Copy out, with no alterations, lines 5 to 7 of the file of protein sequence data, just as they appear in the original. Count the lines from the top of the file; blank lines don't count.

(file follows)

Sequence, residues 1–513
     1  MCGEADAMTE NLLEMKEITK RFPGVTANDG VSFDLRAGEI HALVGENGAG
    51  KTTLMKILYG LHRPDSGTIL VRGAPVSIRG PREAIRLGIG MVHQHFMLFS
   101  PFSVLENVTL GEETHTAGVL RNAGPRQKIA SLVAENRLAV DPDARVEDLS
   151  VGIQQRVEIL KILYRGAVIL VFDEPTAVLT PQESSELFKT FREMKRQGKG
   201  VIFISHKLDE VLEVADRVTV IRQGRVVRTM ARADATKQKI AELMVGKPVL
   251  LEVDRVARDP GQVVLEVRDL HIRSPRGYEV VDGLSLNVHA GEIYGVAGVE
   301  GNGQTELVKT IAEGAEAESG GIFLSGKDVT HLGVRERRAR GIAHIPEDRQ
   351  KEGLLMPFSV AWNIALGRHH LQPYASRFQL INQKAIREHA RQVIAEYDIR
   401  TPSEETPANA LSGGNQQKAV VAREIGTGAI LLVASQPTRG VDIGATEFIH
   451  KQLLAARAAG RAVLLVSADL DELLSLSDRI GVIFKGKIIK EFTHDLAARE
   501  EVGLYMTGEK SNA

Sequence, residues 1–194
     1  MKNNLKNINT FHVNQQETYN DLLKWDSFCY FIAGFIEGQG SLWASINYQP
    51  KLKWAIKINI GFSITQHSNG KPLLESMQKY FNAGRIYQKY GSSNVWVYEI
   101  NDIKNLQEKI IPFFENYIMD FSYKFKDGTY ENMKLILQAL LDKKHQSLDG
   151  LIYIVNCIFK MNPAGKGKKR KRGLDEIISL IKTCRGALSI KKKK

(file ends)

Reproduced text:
   151  VGIQQRVEIL KILYRGAVIL VFDEPTAVLT PQESSELFKT FREMKRQGKG
   201  VIFISHKLDE VLEVADRVTV IRQGRVVRTM ARADATKQKI AELMVGKPVL
   251  LEVDRVARDP GQVVLEVRDL HIRSPRGYEV VDGLSLNVHA GEIYGVAGVE